The Federal Trade Commission explains how identity theft is committed: By co-opting your name, Social Security number, credit card number, or some other piece of your personal information for their own use. In short, identity theft occurs when someone appropriates your personal information without your knowledge to commit fraud or theft.

Identity Theft

Once identity theft is committed, then what? Once identity thieves fake your identity, they:

  • Open a new credit card account, using your name, date of birth, and Social Security number. When they use the credit card and don’t pay the bills, the delinquent account is reported on your credit report.
  • Call your credit card issuer and, pretending to be you, change the mailing address on your credit card account. Then, your impostor runs up charges on your account. Because your bills are being sent to the new address, you may not immediately realize there’s a problem.
  • Establish cellular phone service in your name.
  • Open a bank account in your name and write bad checks on that account.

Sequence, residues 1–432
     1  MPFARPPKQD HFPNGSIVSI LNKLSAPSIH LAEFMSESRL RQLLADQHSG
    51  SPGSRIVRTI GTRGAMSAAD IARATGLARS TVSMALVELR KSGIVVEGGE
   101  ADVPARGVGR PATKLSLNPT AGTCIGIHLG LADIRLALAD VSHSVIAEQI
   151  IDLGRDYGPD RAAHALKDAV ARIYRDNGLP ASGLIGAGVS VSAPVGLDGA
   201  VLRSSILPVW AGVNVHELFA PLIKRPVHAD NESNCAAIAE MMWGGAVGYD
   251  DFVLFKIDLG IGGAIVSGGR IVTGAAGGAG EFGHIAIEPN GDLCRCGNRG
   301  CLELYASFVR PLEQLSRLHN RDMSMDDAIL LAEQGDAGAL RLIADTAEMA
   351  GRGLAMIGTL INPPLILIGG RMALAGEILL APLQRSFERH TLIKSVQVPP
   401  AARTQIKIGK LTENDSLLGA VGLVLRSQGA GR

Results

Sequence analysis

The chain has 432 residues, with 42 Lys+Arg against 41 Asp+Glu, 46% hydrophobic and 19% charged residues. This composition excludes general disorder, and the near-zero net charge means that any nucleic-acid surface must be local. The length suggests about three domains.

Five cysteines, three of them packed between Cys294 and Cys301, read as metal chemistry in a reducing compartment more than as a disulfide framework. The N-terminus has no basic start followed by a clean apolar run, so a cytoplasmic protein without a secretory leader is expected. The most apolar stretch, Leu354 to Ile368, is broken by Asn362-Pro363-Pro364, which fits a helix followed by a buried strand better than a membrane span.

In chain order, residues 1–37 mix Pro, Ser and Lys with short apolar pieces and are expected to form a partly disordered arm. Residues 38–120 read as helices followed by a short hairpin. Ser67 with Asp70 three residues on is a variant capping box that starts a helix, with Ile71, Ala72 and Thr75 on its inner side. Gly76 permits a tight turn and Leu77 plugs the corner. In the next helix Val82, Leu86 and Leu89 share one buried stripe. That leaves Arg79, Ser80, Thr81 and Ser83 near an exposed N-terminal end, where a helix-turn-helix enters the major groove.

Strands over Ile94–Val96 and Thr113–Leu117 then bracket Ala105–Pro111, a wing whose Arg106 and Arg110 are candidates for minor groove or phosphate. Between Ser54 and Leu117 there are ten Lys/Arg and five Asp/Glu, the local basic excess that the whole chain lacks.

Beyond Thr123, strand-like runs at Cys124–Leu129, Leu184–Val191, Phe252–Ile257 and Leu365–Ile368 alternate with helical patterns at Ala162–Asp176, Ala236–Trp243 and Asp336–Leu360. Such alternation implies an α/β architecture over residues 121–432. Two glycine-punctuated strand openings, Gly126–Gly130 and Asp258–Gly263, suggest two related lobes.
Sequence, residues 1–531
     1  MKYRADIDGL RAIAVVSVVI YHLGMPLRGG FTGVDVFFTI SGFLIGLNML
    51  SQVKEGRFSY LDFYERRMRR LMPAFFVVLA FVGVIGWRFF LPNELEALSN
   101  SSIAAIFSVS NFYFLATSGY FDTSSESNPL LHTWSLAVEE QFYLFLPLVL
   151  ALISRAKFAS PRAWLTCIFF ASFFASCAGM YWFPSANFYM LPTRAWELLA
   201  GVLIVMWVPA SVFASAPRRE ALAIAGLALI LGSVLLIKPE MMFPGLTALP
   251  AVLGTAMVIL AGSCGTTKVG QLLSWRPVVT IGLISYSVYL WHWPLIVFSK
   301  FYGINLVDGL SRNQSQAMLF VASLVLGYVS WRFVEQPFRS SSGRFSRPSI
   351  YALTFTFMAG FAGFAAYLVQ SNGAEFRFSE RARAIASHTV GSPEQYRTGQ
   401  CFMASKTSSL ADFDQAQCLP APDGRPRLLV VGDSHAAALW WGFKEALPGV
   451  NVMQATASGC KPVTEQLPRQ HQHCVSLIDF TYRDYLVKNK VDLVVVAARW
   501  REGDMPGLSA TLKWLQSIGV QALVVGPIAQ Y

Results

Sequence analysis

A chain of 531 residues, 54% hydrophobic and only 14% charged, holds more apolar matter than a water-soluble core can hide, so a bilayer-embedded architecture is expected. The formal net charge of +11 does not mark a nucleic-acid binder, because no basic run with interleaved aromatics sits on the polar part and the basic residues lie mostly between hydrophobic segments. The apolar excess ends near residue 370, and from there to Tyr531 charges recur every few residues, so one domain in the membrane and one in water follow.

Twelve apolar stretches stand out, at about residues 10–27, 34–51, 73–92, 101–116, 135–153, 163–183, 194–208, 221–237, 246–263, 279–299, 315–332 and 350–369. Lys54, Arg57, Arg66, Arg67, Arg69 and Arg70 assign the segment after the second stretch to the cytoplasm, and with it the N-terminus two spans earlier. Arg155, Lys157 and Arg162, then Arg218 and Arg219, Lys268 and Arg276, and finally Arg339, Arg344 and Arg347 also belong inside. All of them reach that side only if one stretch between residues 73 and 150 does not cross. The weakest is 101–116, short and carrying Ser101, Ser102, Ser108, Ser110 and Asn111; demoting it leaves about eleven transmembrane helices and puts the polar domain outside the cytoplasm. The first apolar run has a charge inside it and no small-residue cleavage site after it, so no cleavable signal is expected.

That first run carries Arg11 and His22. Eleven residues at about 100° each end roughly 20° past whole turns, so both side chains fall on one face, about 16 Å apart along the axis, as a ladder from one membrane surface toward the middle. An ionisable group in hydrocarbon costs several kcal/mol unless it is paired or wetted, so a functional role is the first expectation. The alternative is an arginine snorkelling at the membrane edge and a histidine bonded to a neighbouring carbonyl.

Without regular monitoring of your credit reports, you may learn of identity theft only when you are contacted by creditors to make payments on debts you did not authorize or are rejected for a loan.

Problems You Can Encounter
My wallet was stolen in December 1998. There’s been no end to the problems I’ve faced since then. The thieves used my identity to write checks, use a debit card, open a bank account with a line of credit, open credit accounts with several stores, obtain cell phones and run up huge bills, print fraudulent checks on a personal computer bearing my name, and more. I’ve spent the last two years trying to repair my credit report (a very frustrating process) and have suffered the ill effects of having a marred credit history. I’ve recently been denied a student loan because of inaccurate information on my credit report.
From a consumer complaint to the FTC, February 22, 2001I’m tired of the hours I’ve spent on the phone and all the faxing I’ve had to do. When will it be over?
From a consumer complaint to the FTC, March 13, 2001Tomorrow is Sunday so we won’t get any notices, but I’m not looking forward to Monday’s mail.
From a consumer complaint to the FTC, November 13, 2001